What happens? The lit cotton wick starts to burn and liquefies some of the butter fat. The wick then absorbs the melted butter and pulls it up,via capillary action, to the flame. The flame starts to burn the fat vapors rather than the wick, in a combustion reaction. This reaction produces heat, water vapor and carbon dioxide gas, putting the carbon is back in the atmosphere.
Since burning food isn’t an efficient use of energy or money (it takes lots of oil to raise and care for a cow,) scientists are coming up with ways to turn animal fats and byproducts that can’t be used as food into biofuels. Some inedible plant foods can be reused as well. For example, some cars can run on used cooking oil. Can you imagine how much oil a fast food restaurant throws away each week?
Although butter will never replace candle wax, butter candles are a good way to introduce the carbon cycle and get kids thinking about how new fuels and cleaner-burning fuel will impact the future of our planet.
To make the corn candle at the top of this post, we attached the butter candles to an ear of corn with broken off wooden skewers.
You’ll have a blast learning physics by making water rockets!
While NASA’s rockets use rocket fuel as their working mass, these rockets use water. As pressurized air forces the water out of your rocket, the rocket moves in the opposite direction, just like Newton’s Third Law says it will. “For every action, there is an equal and opposite reaction.”
Although these rockets lack fins, a payload and a nose cone, you can see from this NASA illustration that they’re very similar to real rockets. You can make a complicated launch pad like this, but we decided to make things easy.
For this experiment, you’ll need:
-an empty one or two liter bottle from a carbonated beverage
-a cork that has been cut in half and will fit in the mouth of your bottle (An adult should do this. I used a serrated knife.)
-a needle for inflating balls
-a bike or ball pump
-a cardboard box cut to hold the bottle at an angle pointing away from you. This is your launch pad.
Push the needle through the cork so that it pokes out of the other side. Use the hole from the corkscrew to make it easier.
Fill the bottle about 1/3 of the way full of water and insert the cork in the bottle.
Set the bottle in the cardboard box so that it’s pointing up, but away from you. See the photograph.
Attach the needle to the bike pump, stand behind the launch pad and start pumping air into the bottle. The air pressure will build in the bubble at the top of the rocket. When the pressure gets high enough, it will force the cork and water out of the bottle with lots of force, and as the water shoots down, the rocket will shoot up!
What happens if you add more water, or less water to your rocket?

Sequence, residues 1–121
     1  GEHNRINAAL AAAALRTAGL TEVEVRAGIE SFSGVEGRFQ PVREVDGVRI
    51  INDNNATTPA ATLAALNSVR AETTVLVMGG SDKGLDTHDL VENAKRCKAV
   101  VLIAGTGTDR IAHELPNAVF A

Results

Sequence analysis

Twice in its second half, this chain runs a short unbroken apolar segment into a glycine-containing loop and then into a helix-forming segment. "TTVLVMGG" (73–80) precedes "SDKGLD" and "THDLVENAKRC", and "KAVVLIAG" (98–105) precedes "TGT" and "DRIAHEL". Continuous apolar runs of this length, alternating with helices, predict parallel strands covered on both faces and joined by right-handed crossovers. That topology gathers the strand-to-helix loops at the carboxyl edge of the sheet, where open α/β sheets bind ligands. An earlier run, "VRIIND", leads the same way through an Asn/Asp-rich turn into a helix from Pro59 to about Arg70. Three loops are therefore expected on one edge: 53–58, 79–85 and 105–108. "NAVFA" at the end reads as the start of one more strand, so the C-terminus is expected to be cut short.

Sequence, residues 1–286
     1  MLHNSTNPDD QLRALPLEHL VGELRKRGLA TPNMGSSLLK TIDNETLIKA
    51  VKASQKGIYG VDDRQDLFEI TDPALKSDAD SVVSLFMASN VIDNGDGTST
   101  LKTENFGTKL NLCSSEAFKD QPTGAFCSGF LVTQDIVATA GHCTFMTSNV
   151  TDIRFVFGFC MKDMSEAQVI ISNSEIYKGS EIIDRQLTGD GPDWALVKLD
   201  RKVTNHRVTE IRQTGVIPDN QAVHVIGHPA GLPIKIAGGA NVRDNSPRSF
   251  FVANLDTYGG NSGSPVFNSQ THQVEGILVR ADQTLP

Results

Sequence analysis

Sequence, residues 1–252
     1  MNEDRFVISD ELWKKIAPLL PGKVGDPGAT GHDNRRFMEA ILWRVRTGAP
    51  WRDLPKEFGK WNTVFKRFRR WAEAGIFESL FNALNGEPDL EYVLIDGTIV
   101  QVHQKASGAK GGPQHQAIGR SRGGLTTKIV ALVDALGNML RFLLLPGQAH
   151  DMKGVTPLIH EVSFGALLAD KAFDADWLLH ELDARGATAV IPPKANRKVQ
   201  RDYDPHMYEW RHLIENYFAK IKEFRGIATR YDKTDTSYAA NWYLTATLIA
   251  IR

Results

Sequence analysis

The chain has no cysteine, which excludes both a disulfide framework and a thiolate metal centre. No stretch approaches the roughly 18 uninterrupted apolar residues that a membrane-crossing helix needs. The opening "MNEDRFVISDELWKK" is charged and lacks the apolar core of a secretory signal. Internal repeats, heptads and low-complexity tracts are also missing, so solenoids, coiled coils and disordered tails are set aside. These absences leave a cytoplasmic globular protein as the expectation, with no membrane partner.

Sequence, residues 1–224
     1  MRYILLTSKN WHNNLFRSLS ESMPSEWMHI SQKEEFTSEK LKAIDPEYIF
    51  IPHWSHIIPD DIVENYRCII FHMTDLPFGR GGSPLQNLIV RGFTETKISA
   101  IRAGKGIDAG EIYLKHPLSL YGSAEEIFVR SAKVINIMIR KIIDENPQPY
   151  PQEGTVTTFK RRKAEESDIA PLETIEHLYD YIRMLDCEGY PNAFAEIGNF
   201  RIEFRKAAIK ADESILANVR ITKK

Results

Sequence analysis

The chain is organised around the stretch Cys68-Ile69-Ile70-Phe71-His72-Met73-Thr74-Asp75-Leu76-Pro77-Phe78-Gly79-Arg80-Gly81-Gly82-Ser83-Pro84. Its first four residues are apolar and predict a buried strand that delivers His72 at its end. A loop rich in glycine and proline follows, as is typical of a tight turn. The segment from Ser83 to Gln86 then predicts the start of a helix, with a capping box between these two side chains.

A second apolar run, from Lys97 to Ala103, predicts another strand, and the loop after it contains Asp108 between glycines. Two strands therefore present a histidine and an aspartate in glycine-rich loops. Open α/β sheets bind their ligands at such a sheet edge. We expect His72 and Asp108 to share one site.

Can you imagine riding a real rocket? Check out Astronaut Abby’s website to meet a girl who wants to ride a rocket some day and ask an astronaut on the International Space Station questions!
It only takes a spark to start a fire, and it only takes one atom to act as a seed for crystal formation. Under the right conditions, the atoms in alum will join together like puzzle pieces to form large crystals. I posted a few years ago about how to grow a large alum crystal, but this experiment is even more fun. It’s also easier for young kids, since it takes less small-motor coordination.
Alum is also called potassium aluminum sulfate. It’s used in pickling and in found in baking powder. You can grow beautiful alum crystals at home with a few jars of alum, water and any object you don’t mind covering with glue. We made fake geodes by breaking eggs in half and washing them out, but we also encrusted a grape stem and a plastic shark.
To do this experiment, you’ll need glue, 3/4 cup alum from the spice section of the grocery store (4 or 5 small jars should do it,) water and whatever you want to coat with crystals. It takes three days to complete.
On day one, paint glue on the objects you want to grow crystals on. If you’re making “geodes”, apply a thin layer of glue to the inside of an eggshell that’s been cut in half, washed out and dried. Then, sprinkle a little alum powder on the glue and let it dry overnight. We heavily coated our object with alum, but might have grown larger crystals if we’d used less. Each alum particle acts as a seed for crystal growth. The closer together they are, the less room your crystals will have to grow.
On day two, dissolve 3/4 cup alum in 2 cups of water by boiling. This step requires adult supervision. Make sure all the alum dissolves (it may still look a little cloudy) and let the solution cool. This is your supersaturated alum solution.